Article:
A survey of over 4,000 peer-reviewed scientific papers has found almost unanimous consensus that humans are responsible for rising temperatures.
Skeptical Science founder John Cook led the study, called Quantifying the consensus on anthropogenic global warming in the scientific literature, with colleagues at the University of Queensland, Australia.
His team went through thousands of articles written between 1991 and 2011, building on research by Naomi Oreskes in 2004, who looked at articles containing the words “global climate change”, and a comprehensive analysis by James Lawrence Powell in 2012.
Cook and his colleagues went further, by looking also for the phrase “global warming”. They found over 12,000 articles – more than 4,000 of which were discussing the issue of anthropogenic (human-caused) global warming. The team then divided the papers into categories according to the stance taken.
They found that 97.1% agreed that the main cause of global warming was human activity. Cook also asked each author to rate their paper using the same criteria he used for the research, and 97.2% supported the argument that humans were the greatest contributors.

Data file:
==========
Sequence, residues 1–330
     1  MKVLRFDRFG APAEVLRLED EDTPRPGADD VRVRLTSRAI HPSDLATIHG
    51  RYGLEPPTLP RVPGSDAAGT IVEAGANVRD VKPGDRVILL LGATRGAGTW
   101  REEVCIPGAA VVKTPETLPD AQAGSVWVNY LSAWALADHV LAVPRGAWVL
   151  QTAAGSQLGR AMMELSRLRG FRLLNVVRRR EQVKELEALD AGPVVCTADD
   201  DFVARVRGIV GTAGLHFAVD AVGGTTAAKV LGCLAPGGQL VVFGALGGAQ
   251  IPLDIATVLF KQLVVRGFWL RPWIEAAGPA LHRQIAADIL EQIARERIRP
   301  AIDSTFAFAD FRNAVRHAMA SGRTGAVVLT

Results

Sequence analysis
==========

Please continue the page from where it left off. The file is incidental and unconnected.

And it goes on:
Cook said, “Our findings prove that there is a strong scientific agreement about the cause of climate change, despite public perceptions to the contrary.
“It’s staggering, given the evidence for consensus, that less than half of the general public think scientists agree that humans are causing global warming.”
Volunteers at Skeptical Science reviewed the papers. It explained that these findings were crucial because despite the scientific consensus, the public was still misinformed, as can be seen by a 2012 poll by Pew Research Centre in the US.
This poll showed that less than half of Americans believe that scientists agree that mankind is causing global warming. Skeptical Science blames both the media, which tries to give climate stories balance by giving opposing perspectives, and the fossil fuels industry, which it says takes advantages of this.
The website adds, “As a result, people believe scientists are still split about what’s causing global warming, and therefore there is not nearly enough public support or motivation to solve the problem.”